Testing the Mettle of a Pedal Steeler

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The pure products of America go crazy.—William Carlos Williams

ALTHOUGH IT MAY BE HARD TO REMEMBER in this age of mass-marketed commodity entertainment, the history of American music is constellated with real characters, do-it-yourselfers who couldn't stop asking "What if..." and who had the drive — and thick enough skins — to follow through on their hunches. From the basements and garages of the heartland came the electric guitar, the electric bass, the five-string banjo, the multitrack tape recorder and the pedal steel guitar. Perhaps it's our penchant for excess that leads us to make it louder, faster, different — especially different — and not everyone may see the results as signs of progress. But these brash creations are as accurate road maps of the American soul as can be found in any history book, and immeasurably more fun.

And so it is that a brisk November morning finds me checking in to the Doubletree Club hotel in Norwalk, Connecticut. Norwalk is not what the average swinging guy would consider a sexy weekend getaway, especially if one is alone, far from the comforts of home and all of one's stuff. Being surrounded by my stuff is very important to me, especially on Saturday morning, when a good amount of it is strewn about the house awaiting the weekly muster, and missing this opportunity to prepare my things for redeployment presents an unwelcome wrinkle in my routine. But here I am, preparing to spend the weekend in this resolutely characterless establishment, and wondering what the heck I'm doing here.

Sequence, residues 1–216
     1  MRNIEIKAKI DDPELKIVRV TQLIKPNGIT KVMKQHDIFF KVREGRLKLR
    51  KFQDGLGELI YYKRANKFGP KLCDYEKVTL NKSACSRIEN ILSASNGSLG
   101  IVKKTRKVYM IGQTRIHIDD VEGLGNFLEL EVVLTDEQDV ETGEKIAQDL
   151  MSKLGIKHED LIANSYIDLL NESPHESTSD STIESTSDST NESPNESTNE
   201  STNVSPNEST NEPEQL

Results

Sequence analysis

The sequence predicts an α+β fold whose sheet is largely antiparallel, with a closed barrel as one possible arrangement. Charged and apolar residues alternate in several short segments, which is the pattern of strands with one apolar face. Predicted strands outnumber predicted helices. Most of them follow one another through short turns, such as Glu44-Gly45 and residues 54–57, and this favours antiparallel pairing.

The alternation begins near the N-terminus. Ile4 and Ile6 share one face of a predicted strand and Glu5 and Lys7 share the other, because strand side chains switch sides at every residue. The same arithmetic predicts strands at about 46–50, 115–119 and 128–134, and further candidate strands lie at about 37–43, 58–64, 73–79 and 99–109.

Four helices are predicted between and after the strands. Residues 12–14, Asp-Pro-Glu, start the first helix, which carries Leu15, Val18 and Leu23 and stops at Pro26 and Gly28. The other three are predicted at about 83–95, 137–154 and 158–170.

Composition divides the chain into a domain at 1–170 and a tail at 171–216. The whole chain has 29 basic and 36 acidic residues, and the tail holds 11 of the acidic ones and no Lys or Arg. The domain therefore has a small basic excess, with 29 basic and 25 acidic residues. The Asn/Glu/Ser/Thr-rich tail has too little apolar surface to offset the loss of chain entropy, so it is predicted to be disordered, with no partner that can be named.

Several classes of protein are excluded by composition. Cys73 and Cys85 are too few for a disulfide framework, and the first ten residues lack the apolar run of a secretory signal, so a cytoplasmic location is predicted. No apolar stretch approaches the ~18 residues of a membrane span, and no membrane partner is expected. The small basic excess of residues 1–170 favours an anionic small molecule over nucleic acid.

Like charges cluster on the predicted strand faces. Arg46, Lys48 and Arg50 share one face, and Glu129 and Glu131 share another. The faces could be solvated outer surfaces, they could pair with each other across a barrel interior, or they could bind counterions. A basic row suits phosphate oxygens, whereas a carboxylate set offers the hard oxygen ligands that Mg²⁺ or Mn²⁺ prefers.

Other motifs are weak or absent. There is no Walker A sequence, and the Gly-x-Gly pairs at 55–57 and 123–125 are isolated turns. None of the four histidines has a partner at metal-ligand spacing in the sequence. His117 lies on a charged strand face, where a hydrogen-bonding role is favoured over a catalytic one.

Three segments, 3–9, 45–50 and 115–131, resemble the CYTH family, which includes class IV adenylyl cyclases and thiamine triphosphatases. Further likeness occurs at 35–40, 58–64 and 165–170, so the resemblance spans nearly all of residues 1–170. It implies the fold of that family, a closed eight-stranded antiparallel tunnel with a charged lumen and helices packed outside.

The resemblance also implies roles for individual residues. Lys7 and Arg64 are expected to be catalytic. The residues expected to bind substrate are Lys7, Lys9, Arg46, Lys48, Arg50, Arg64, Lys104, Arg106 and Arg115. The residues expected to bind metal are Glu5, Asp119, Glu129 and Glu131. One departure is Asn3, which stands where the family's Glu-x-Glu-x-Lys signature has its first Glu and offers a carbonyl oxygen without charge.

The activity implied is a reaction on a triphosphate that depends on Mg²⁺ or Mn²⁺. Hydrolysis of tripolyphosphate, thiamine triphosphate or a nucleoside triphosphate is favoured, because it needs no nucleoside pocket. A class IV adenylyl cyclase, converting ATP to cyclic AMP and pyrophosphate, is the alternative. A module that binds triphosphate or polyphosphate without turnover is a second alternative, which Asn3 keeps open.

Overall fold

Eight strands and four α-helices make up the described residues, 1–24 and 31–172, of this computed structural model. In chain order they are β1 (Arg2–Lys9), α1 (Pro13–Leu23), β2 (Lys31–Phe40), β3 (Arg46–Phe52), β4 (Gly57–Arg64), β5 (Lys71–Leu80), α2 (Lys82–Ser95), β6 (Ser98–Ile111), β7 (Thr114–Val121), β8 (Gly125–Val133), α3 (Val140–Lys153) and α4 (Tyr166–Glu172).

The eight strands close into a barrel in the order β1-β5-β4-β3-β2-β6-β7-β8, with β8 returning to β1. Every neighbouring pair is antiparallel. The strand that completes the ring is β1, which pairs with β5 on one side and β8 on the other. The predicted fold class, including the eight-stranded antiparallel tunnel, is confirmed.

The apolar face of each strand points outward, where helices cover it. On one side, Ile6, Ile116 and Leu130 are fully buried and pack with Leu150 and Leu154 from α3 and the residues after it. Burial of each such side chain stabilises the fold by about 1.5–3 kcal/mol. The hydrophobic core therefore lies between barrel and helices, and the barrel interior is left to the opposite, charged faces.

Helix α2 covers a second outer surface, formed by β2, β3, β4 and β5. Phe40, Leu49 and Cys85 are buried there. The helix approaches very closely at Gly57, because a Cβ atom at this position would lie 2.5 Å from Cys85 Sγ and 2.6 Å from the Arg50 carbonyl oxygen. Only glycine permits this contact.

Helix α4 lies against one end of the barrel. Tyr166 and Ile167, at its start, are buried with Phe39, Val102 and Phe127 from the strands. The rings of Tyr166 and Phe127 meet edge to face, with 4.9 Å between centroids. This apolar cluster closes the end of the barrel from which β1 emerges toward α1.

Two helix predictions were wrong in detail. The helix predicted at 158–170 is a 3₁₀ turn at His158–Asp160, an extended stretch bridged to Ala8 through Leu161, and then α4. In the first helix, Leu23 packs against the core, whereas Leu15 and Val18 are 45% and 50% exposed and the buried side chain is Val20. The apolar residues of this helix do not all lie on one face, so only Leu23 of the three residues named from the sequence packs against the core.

The reason is a longstanding infatuation that has recently overtaken my waking hours. Just as Orpheus' lyre drew the beasts and the rocks to him, so have the plangent cries of the pedal steel guitar attracted a hundred-odd aficionados of the instrument to this the 27th annual convention of the Pedal Steel Guitar Association. There will be performances by steelers from all over the country and Canada, a seminar (my main reason for coming) and a jam session featuring three of the leading exponents of the instrument. There will also be hardware, strings, instructional materials, hard-to-find CDs and other merchandise for sale, as well as a few pedal steels, and far-flung members of online discussion groups will have a chance to meet in person.